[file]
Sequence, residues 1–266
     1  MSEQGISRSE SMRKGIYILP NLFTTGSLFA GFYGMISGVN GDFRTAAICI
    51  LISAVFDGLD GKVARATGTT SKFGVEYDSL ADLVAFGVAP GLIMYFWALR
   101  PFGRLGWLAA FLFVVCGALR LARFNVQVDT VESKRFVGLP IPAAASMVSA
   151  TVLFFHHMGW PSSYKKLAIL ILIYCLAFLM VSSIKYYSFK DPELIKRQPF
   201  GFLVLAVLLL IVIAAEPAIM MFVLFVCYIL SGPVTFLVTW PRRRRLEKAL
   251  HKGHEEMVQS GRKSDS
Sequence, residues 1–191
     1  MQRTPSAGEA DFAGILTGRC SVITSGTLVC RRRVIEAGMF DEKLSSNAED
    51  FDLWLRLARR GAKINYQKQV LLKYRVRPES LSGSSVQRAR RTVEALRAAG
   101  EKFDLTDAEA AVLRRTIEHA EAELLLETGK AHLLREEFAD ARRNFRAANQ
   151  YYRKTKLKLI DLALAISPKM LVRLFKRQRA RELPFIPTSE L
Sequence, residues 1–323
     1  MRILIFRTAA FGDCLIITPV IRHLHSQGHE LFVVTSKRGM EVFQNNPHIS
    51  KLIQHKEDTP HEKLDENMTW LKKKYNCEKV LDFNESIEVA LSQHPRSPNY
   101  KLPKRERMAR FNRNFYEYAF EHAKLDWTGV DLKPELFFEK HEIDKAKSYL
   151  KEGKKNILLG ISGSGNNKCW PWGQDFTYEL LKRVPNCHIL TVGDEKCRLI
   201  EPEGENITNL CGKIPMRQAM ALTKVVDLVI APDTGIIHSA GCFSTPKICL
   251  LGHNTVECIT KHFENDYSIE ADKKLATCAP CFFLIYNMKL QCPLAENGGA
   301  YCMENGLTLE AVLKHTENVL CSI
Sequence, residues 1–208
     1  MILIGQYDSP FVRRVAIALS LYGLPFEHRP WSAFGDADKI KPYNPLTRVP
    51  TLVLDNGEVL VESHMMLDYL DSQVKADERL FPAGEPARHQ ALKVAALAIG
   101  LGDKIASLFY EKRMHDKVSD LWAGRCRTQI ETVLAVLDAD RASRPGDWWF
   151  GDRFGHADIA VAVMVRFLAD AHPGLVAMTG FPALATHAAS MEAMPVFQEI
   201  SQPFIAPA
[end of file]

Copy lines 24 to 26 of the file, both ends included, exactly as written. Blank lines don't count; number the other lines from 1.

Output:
   101  LGDKIASLFY EKRMHDKVSD LWAGRCRTQI ETVLAVLDAD RASRPGDWWF
   151  GDRFGHADIA VAVMVRFLAD AHPGLVAMTG FPALATHAAS MEAMPVFQEI
   201  SQPFIAPA